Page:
The only thing I didn't really like was that there is no gym or swimming pool. You can swim in the lake but it's cold; you can row but you're out on your own on a big lake with speedboats around and unless you really know what you're doing, I wouldn't want to be out there against a tough current or a big wake on a canoe or a kayak.(The place has little motorized boats you can easiliy steer which is a fun thing to do, but that's a different story.) You can hike or run or maybe even bike but it's up and down, and it's quite different for those who are used to flat surfaces. The nearby blue trail is not advanced but it's not for beginners either and I saw several people having trouble with it. I felt strangely sedentary up here for 3 days and didn't think I could take more than 2 nights of all this food and not much else to do. There were guests staying for 7 nights; good for them, i guess. I'd like this place a lot more if I felt that I had a nice place to exercise in a manner that I'm used to.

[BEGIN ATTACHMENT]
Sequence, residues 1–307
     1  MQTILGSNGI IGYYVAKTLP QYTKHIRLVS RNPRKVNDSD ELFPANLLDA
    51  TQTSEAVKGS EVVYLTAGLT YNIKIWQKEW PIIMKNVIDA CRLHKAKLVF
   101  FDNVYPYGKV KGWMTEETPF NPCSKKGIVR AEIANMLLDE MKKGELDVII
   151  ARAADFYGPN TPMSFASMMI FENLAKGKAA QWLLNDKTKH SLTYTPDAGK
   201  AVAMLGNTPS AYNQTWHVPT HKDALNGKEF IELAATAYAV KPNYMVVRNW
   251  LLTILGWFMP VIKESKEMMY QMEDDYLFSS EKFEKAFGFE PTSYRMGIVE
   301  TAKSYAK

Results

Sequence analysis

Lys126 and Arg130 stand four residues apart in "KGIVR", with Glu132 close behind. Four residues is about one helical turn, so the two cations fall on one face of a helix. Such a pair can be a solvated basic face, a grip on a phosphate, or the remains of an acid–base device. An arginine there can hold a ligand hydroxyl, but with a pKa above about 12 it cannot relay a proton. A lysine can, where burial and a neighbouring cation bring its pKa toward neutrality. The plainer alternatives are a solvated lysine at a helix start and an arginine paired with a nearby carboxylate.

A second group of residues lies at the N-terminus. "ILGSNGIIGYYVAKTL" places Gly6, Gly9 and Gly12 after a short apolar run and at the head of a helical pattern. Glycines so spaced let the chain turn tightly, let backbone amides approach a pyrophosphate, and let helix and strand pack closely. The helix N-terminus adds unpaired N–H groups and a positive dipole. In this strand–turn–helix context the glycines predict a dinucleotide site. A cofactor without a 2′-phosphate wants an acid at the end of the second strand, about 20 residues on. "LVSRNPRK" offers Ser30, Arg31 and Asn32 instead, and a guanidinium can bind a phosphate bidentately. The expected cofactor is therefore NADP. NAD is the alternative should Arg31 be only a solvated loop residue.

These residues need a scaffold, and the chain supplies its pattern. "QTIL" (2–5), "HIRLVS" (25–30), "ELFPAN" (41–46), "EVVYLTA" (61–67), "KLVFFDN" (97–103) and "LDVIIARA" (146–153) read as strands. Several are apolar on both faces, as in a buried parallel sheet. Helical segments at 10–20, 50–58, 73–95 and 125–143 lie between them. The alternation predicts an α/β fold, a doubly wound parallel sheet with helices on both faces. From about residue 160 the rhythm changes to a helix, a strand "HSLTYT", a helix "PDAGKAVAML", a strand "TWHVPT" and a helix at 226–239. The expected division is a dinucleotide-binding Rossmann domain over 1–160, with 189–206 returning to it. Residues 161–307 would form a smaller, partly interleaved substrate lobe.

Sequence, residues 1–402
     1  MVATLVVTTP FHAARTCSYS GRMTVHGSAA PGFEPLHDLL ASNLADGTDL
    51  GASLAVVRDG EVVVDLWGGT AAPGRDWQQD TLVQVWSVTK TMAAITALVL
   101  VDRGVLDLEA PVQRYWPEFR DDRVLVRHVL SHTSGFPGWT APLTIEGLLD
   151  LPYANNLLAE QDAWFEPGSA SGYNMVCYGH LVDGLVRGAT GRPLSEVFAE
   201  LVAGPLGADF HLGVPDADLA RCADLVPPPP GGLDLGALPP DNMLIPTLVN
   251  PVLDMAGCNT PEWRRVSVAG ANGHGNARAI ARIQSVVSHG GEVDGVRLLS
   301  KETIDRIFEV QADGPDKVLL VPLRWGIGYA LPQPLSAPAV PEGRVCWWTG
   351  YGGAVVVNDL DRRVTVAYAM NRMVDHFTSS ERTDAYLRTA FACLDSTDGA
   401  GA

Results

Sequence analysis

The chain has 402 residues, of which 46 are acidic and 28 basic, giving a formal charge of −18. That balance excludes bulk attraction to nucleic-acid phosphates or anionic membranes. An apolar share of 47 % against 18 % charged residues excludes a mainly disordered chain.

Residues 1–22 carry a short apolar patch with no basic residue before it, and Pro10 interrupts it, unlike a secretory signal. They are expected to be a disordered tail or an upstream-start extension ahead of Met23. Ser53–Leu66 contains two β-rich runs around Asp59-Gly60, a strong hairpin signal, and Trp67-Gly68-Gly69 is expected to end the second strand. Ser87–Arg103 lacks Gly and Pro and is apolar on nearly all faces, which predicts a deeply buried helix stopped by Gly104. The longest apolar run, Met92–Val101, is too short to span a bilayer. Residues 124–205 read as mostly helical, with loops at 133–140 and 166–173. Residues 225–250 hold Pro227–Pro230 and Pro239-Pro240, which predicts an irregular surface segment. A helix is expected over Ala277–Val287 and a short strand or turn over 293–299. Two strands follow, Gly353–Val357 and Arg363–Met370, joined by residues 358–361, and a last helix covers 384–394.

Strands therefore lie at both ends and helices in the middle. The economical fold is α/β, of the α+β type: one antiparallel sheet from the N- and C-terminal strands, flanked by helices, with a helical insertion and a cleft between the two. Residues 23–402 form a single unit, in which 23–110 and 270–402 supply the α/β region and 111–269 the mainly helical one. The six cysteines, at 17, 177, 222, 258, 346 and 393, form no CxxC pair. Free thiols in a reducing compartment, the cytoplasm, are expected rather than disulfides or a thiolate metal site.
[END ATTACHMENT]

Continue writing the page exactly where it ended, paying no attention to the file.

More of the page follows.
I was really lucky that the weather was perfect for most of my stay; this place could get old real fast if you were stuck with a lot of rain. I have a feeling that unless you really like super cold weather with its own rewards out on the lake or sitting in front a fire drinking a lot of hot chocolate, you'd not want to be here during the cold season. The area is secluded enough that they have managed not to have any paparazzi around. On one hand, it is a private place. On the other, it's not that large and there are not that many places to hang out so you are almost never truly alone in a spot. A guest or staff might pop out of nowhere and see you somewhere. The rooms don't come with keys, but I don't think guests are worried that anyone will invade their rooms during the day.
If you have Verizon, you can get a decent signal on the property even outside the front office. I think that discretion is called for if you want to pull out a phone, but you are not really that much out of touch with the world and that's good, if you need to take care of things from time to time. The region is putting in new attractions in search of tourists; there is soon going to be some kind of park with rides in Lake Placid and there is a tree top attraction in a nearby town that looks fun. I don't know why there is a daily flight from Boston but not from New York City but such a flight would make the trip from the city a lot less than 7 hours.
In short, I think that this place is a labor of love, it is an important piece of Americana that evokes the spirit of the Great Camps, and it is something people of means should aspire to put on the list of places they want to experience.